Police will not dig at farm where Fred and Rose West allegedly buried victims

Police will not dig at farm where Fred and Rose West allegedly buried victims
Police have been urged to dig up three sites, in Hertfordshire and Gloucestershire

Police have reportedly ruled out suggestions to dig up land at a farm in Berkeley, where as many as 20 more victims of Fred and Rose West are believed to have been buried.

A documentary to be aired by ITV next week claims that there is evidence that the sadistic serial killers and child abusers murdered more young women and girls than originally thought.

The couple are known to killed 12 people between 1967 and 1987 for which they were charged in 1994.

However, the documentary team, led by former DCI Colin Sutton and presenter Sir Trevor McDonald, believe there are up to 20 more victims whose bodies are yet to be discovered at three sites – two in Hertfordshire and one in Gloucestershire.

At one site, a farm on the outskirts of Berkeley in Gloucestershire, a dozen more bodies are believed to be buried.

Multiple sources, who had been in contact with the Wests in the 1990s, had told the investigators that more bodies could have been hidden on the farm.

Janet Leach, a social worker who was Fred West’s “appropriate adult” during police questioning, said that he had told her there were many more bodies of young women and girls from Hertfordshire buried at “the farm”.

She said, as the Daily Mail reported: “Fred told me there were another 20 bodies to be found after the 12, some in fields, the rest in the barn.

“Fred said some of the victims’ bones were missing because it was a ritual thing and they did something with the fingers so there was no way of finding out who they were.”

A pair of West’s former employers, Wendy and Derek Thomson, claim that he had told them he had “done something in Berkeley”.

The programme claims, after a seven-month-long probe, that potential burial sites have been uncovered using ground penetrating radar and dogs trained to detect human remains.

Sir Trevor has urged police to investigate and excavate the site, saying that “there is still much more to the murderous campaign of Fred and Rose West.”

It comes after police spent at least £55,000 to excavate land at a cafe in Gloucestershire in May.

Fred West is thought to have killed teenager Mary Bastholm in 1968 and hid her body at the Clean Plate Cafe, originally named Oasis Cafe, in Gloucester. But the investigation that involved digging the cellar found no trace of any bodies.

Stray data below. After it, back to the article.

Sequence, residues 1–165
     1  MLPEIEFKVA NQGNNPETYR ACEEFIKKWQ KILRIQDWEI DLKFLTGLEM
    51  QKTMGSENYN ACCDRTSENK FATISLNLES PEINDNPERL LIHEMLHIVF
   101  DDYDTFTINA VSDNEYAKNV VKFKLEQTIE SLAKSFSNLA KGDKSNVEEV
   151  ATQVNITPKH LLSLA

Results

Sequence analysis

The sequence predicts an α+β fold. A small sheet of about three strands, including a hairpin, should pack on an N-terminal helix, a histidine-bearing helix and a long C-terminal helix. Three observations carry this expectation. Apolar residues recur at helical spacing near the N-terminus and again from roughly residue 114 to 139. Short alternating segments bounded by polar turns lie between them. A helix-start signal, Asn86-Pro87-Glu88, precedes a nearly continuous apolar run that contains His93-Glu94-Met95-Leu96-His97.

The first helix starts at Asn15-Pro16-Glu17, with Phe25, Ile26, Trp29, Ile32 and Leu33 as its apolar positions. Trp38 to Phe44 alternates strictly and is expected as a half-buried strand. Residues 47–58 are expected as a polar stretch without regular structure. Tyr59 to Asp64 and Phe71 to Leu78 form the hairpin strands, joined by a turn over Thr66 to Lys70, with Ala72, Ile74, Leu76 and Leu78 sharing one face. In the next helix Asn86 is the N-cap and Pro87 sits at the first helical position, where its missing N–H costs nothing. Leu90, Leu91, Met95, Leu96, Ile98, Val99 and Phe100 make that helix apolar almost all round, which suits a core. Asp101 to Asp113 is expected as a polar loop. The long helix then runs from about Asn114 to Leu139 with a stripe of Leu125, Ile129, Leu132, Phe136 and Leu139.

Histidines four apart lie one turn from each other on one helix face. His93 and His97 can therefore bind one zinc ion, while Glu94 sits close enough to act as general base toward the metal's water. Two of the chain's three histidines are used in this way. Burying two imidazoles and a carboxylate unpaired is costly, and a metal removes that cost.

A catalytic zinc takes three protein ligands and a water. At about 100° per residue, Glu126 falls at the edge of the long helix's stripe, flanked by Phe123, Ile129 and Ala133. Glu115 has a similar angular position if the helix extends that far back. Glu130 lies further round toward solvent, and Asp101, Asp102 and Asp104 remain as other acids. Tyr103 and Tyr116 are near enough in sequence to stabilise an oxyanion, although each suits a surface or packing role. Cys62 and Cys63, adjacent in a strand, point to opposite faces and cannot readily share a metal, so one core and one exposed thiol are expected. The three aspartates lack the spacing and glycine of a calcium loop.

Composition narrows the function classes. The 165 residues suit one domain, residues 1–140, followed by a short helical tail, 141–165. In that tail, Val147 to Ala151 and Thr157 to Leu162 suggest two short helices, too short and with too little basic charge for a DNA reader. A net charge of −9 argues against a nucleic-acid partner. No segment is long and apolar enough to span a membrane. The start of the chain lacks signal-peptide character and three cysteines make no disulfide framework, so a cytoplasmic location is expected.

Now, Gloucestershire Police are ruling out the possibility of digging up any more areas, according to Gloucestershire Live.

A police spokesperson said, according to the news website: “After careful assessment we do not believe the evidence submitted to us at this time meets the threshold to justify further searches in the locations identified.

“However – as with all cases – we will review any new evidence submitted to us.”

The other two sites the investigation team had urged police to excavate are located in Fingerpost Field near Much Marcle, Herefordshire, a village where Fred West was born and had grown up.

He buried his first known victim, 18-year-old Anne McFall, in the same field that the investigators want to dig in.

He also disposed of the body of his first wife, Catherine ‘Rena’ Costello, in the nearby Letterbox field.

Both of the women’s remains were discovered in 1994, the year before Fred West killed himself in prison before he stood trial. Before his death, he admitted to killing all 12 women and girls.

Rose West was convicted of being involved in the murder of 10 women and girls, including her and Fred’s daughter Heather – who was killed by her parents after revealing to her friends that she was repeatedly raped by her father.

Also among her victims – who were all buried under their homes on Midland Road and at 25 Cromwell Street, both in Gloucester – was her husband’s step-daughter Charmaine, who was eight-years-old and whose mother was Rena Costello.

Rose West is still alive and serving a life-long sentence in a prison in West Yorkshire.